2. Study same-named folks.

Of course, you’re not related to everyone who has your surname. But’s Family Facts tool also can give you information gleaned from its records on people who had your name, which may suggest starting places for research. Just choose the fact you want from the menu, including place of origin, occupations, name distribution, immigration year or ports of departure. For example, if I look up Hendrickson, I’ll learn the majority of Hendrickson immigrants came from Sweden.

Again, use the data as clues, not absolute answers. To give you a country of origin, looks at the number of immigrants with your surname departing from a specific country. But people often left from ports in countries besides their own. And the site’s records only go back so far. Its earliest Hendrickson immigration records are from 1851, for example, yet I know my relatives were in Kentucky by the mid-1700s. publishes these facts in print-on-demand surname books, available through <>. (But watch out for bogus surname histories.) Although the surname information doesn’t always produce a definitive “aha!” moment, it can point you in the right direction.

You also can see maps of where in the United States your surname was most common at several points in history at US Surname Distribution <>. For names in Britain, visit <>.

3. List variations on the theme.

Our ancestors weren’t as persnickety as we modern folks when it comes to spelling. Explorers Meriwether Lewis and William Clark spelled mosquito 15 different ways in their journals. This casual attitude extended to names — my own family indiscriminately used Hendricks, Hendrixson and Hendrickson. Likewise, your relative may have spelled his own name various ways in records, and branches of the family may have used different versions of a name.

In the 1800s and earlier, a large portion of the population couldn’t read, write or spell. Many of those who could write spelled phonetically — and due to colloquialisms and regional dialects, name spellings changed depending where you were. For example, my North Carolina ancestor wrote Ferginny for Virginia. A census taker hearing a name pronounced in an unfamiliar accent probably didn’t spell it the way your ancestor did.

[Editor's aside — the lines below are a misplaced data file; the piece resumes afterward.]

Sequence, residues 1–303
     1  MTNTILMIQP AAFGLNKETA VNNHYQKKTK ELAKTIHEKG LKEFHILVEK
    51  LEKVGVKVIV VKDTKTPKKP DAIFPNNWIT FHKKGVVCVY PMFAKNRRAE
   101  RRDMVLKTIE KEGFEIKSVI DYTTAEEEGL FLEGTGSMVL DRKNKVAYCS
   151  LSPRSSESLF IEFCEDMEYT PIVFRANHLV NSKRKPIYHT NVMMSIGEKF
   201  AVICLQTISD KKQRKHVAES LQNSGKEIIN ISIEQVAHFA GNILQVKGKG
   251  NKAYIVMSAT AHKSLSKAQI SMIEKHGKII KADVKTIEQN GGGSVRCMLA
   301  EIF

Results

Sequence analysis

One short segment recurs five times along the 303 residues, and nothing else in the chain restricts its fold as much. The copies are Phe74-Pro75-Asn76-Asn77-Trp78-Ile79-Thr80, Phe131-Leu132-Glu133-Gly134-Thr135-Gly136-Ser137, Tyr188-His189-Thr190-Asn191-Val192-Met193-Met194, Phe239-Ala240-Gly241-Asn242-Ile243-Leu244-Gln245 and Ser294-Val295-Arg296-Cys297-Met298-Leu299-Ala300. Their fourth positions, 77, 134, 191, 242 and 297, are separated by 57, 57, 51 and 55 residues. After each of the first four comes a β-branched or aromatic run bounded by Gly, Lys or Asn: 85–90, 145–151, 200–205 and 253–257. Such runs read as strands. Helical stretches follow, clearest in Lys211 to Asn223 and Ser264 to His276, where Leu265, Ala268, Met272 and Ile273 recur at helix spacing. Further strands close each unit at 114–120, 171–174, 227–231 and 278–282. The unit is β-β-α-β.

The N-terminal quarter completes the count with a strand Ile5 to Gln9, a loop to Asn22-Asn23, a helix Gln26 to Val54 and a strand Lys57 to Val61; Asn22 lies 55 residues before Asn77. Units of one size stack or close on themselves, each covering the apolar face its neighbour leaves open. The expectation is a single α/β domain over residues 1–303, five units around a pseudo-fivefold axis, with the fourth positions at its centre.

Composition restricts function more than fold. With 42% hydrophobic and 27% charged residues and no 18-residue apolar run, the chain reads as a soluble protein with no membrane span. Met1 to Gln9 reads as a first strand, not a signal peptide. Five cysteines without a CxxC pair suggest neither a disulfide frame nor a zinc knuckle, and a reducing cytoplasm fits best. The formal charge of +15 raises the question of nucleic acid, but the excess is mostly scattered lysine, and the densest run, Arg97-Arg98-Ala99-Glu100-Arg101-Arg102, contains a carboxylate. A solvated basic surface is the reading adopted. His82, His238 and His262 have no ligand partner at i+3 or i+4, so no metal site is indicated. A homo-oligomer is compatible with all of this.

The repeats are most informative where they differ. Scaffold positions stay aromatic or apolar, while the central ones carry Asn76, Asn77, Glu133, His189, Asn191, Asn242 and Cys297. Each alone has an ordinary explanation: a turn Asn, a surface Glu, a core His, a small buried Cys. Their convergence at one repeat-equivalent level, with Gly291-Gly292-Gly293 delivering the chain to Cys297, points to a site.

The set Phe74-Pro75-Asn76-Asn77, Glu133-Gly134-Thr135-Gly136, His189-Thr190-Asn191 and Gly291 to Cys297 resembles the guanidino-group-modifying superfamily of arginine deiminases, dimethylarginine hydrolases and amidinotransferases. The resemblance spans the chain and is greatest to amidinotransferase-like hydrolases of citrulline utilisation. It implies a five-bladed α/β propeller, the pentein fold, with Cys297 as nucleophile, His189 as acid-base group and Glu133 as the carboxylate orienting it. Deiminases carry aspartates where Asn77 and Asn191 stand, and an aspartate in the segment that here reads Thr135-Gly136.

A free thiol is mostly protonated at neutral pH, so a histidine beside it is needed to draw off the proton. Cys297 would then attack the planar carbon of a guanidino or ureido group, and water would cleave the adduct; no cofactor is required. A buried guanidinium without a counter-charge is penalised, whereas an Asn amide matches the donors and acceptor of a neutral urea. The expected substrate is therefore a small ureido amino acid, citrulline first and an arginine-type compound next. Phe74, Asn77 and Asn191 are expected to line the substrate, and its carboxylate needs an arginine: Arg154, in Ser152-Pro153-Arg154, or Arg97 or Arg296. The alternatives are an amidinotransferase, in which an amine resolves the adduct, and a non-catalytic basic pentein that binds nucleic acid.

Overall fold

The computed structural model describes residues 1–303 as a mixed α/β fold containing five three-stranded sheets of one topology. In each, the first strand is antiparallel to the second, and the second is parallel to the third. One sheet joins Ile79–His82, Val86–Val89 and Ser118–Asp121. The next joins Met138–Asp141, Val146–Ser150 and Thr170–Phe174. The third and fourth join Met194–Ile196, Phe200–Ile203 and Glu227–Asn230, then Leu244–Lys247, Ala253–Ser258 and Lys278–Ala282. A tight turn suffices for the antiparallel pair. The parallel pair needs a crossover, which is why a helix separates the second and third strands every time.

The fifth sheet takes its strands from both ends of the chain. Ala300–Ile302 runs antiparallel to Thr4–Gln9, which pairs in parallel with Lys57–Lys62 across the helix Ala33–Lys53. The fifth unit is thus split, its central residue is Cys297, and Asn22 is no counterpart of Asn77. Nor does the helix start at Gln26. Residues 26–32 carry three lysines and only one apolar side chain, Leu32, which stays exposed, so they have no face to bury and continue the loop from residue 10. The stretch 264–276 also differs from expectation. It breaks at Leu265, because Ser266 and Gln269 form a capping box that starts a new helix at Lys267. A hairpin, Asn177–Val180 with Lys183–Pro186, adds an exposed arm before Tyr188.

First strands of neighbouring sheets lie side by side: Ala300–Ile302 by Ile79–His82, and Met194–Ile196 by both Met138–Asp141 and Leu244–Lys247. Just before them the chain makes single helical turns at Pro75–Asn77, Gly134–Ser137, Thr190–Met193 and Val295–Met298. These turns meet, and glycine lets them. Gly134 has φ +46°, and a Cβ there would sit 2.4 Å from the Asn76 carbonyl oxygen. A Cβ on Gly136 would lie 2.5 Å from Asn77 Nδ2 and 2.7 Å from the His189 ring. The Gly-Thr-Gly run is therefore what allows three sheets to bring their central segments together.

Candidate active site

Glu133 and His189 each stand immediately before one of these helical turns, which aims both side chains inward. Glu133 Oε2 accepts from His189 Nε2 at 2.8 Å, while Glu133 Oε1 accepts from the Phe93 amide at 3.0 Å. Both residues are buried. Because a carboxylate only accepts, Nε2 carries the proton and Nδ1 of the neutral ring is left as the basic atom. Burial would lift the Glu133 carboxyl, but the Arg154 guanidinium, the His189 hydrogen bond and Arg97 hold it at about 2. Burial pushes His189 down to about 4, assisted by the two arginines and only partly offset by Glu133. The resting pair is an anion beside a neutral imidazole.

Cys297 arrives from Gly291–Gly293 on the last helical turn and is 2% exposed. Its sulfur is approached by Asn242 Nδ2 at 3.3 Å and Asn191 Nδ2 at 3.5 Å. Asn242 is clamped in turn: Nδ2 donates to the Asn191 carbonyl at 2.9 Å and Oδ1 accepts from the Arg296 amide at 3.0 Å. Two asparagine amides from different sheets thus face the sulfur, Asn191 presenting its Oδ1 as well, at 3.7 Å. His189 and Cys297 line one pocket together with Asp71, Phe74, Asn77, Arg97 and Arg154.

Searching for variations and phonetic spellings is especially important in the census and other indexes: If you’re not on the alert for every conceivable spelling variation, you could miss your ancestor. It’ll help to keep a list of your surnames and all the variations you can think of.

You also have to contend with variations caused by indexers’ interpretations of old-fashioned handwriting. As anyone who’s ever sat staring at a census microfilm will tell you, recognizing your own name can be a challenge. In some 17th- and 18th-century documents, the capital letters I and J look almost identical, as can U and V. Lowercase letters also might throw you — for example, the so-called “long s” (frequently used as the first letter in a double-s configuration) whose drooping tail makes it look like an f or a p.

If you suspect this is the case with your name, you can go to the original document on microfilm and look for words with letters you can read, or can guess based on context. Once you see how this particular scribe formed certain letters, you’ll have a much easier time interpreting them. 

4. Look into DNA surname studies.